Endpoints: Detroit-Jackson, Michigan
Numbers: 373, 374
Intermediate Stations: Chelsea, Ann Arbor, Ypsilanti and Dearborn, Michigan
Host Railroads: Penn Central, Conrail (Michigan Central)
Amtrak Operated: January 20, 1975-January 13, 1984
Named for: It was a commuter train operating within Michigan.
Pre-Amtrak History: Penn Central had a pair of Detroit-Ann Arbor commuter trains (Nos. 357, 374) that were not eligible for Amtrak operation. Historically, these had not been commuter trains. No. 374 had been created in spring 1968, operating daily except Sunday. No. 357 had been the westbound Twilight Limited until discontinued west of Ann Arbor in mid-October 1968. Many riders were Penn Central employees who worked at the railroad’s offices in Detroit’s Michigan Central Station. In the final days of PC operation, the train had a single rail diesel car that originated and terminated at Jackson, but carried no passengers between Jackson and Ann Arbor.
Amtrak History: The State of Michigan agreed to fund the Ann Arbor commuter trains if Amtrak would operate them. Amtrak also agreed to carry passengers between Jackson and Ann Arbor. The Michigan Executive did not operate on weekends.
Under Amtrak auspices, ridership increased by 50 percent. In the early years of Amtrak operation, patronage averaged 10-15 a day west of Ann Arbor, but nearly 250 east of there.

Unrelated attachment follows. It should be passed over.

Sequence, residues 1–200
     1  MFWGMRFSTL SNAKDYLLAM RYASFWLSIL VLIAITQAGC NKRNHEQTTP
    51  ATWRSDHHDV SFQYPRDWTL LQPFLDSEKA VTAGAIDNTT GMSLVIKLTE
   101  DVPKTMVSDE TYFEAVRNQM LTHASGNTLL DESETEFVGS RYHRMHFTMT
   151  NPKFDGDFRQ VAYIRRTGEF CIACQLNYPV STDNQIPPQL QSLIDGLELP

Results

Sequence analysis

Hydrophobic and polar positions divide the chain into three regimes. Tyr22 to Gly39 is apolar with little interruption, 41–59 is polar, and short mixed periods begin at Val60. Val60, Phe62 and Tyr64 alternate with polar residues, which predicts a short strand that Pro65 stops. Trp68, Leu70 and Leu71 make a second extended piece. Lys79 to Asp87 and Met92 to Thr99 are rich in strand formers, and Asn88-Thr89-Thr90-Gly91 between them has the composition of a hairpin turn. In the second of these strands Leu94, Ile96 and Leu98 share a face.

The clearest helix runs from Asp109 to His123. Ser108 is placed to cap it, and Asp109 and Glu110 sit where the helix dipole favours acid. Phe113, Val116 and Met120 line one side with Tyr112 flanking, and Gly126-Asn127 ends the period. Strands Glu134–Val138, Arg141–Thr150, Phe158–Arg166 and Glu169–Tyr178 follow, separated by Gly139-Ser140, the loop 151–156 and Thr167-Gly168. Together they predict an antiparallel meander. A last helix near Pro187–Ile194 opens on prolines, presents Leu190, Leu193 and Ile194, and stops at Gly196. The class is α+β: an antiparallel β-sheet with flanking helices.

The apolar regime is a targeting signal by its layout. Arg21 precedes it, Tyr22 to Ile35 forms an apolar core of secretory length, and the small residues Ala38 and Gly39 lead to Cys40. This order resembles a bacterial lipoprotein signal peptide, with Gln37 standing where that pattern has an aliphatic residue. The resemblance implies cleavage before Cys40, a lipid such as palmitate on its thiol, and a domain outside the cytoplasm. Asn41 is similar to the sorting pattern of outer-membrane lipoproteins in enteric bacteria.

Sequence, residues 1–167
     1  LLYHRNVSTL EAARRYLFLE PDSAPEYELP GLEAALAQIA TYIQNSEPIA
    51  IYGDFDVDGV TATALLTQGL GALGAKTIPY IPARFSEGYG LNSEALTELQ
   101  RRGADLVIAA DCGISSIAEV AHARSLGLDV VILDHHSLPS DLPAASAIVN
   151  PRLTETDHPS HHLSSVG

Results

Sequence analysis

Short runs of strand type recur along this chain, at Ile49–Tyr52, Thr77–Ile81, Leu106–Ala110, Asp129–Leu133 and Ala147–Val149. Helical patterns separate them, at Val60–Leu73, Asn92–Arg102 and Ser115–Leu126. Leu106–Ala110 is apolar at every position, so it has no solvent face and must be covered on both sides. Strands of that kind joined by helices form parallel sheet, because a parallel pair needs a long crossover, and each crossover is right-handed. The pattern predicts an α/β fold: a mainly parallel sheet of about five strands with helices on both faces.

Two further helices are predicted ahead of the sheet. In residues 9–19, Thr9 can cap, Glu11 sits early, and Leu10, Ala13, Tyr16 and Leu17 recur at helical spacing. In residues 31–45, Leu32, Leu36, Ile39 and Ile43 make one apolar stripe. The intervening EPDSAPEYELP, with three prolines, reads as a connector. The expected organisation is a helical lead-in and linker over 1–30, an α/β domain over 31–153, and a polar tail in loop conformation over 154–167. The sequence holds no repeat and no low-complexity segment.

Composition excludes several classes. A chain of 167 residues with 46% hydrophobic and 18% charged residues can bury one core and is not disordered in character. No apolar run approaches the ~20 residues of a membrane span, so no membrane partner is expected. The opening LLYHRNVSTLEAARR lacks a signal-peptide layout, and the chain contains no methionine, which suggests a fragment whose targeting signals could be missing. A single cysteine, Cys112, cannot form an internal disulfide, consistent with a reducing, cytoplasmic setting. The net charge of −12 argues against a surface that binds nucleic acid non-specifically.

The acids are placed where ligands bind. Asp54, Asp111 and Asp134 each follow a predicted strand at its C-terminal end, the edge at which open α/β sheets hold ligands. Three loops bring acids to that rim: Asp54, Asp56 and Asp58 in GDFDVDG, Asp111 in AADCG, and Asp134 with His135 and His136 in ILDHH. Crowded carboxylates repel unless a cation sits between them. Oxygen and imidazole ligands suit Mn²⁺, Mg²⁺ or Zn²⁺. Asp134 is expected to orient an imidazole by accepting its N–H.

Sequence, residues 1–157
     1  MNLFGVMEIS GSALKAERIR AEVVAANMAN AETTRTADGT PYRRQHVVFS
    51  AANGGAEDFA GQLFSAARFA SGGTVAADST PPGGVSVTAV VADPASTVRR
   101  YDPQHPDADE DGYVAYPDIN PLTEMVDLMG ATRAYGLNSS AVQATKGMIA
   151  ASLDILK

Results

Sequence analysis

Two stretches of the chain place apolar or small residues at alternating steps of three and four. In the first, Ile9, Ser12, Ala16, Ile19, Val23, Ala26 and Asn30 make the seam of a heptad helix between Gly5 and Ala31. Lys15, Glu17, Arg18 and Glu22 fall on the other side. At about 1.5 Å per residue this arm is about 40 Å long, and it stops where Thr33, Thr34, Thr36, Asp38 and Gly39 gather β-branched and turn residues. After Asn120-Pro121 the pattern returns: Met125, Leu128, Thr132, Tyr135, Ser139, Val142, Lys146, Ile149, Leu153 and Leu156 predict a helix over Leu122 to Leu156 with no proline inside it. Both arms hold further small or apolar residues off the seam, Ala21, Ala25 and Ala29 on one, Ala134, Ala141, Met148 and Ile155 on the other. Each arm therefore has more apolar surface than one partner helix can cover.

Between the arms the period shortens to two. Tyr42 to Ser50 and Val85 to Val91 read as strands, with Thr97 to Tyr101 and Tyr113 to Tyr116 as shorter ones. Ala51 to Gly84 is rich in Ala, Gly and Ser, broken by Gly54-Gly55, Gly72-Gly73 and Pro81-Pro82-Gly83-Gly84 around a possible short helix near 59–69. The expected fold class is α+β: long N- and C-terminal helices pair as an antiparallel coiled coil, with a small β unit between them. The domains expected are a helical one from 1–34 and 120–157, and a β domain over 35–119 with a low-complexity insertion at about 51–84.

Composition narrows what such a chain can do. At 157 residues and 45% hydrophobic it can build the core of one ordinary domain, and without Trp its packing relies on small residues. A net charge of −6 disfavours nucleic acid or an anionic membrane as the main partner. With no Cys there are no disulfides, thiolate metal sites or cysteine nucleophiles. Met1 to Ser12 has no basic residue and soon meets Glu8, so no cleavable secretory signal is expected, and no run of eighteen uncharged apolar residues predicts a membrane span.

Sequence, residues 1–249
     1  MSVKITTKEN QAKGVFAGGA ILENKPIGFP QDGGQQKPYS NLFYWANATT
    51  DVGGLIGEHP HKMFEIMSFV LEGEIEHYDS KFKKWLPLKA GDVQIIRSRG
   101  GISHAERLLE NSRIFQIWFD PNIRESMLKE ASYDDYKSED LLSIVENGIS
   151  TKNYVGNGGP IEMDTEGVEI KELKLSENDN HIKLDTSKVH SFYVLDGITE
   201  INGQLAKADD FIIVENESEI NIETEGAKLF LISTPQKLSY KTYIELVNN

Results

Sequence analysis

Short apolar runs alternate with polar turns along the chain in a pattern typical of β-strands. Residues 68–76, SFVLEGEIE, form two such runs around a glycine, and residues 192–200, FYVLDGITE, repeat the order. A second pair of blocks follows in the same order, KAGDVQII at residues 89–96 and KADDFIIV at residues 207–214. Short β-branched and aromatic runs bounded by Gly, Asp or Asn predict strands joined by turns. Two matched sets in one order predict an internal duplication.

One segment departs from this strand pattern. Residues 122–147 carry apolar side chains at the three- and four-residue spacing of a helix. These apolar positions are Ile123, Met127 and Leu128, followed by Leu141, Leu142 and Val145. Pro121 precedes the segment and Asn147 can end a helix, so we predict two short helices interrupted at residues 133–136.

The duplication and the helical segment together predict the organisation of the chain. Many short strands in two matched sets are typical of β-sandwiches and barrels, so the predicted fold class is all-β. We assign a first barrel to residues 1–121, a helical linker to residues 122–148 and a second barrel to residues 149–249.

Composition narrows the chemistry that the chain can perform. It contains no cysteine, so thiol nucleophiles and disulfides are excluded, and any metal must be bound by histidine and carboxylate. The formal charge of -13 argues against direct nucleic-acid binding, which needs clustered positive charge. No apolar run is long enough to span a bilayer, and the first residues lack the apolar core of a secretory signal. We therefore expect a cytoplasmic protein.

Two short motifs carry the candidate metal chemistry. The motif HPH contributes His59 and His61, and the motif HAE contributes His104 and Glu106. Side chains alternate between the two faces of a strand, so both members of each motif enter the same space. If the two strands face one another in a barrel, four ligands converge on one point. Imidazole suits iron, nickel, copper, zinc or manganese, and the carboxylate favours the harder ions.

The state had agreed to fund the trains with the expectation that similar commuter service would be launched between Detroit and Toledo, and Detroit and Port Huron, Michigan. The latter service never came about, but Amtrak would eventually begin service between Detroit and Toledo in 1980. That service was part of a Chicago-Detroit-Toledo route and not oriented toward commuter service.
Ridership of the Michigan Executive peaked in 1979 at 96,573. An economic downtown in the early 1980s combined with the deterioration of downtown Detroit as a business and retail center depressed ridership to 26,000 in 1983. Also blamed for the downward spiral of patronage was competition from state-supported van pools and fare increases. Many riders ceased taking the train when the cost of a monthly pass hit $100.
The Michigan Executive initially operated with three conventional coaches. By 1976, the consist had become two 64-seat coaches and a coach-observation car. A second coach-observation car was added when needed. Motive power was an E series locomotive.
Amfleet equipment had been assigned to the Michigan Executive by April 1978. New Superliner coaches did break-in work on the train in spring and summer 1980 and former Santa Fe Hi-Level coaches were assigned in 1981.
The Michigan Executive became Detroit’s last commuter train after the Detroit-Pontiac trains operated by the Southeastern Michigan Transit Authority made their last runs over the Grand Trunk Western on October 17, 1983.
State budget problems triggered by an economic recession would lead to the demise of the Michigan Executive. Amtrak discontinued the westbound Michigan Executive on June 14, 1982. The eastbound Executive ceased carrying passengers between Jackson and Ann Arbor. Commuters returned home on the Detroit to Chicago Twilight Limited, which was rescheduled and had stops added to accommodate former Michigan Executive passengers.
The inbound Michigan Executive used equipment assigned to Detroit to Chicago No. 351 (Wolverine). The equipment dead-headed to Ann Arbor in the morning, made the run to Detroit and then departed for Chicago 35 minutes later.
The state withdrew its funding of the Michigan Executive in early 1984 and it made it final trip on January 13.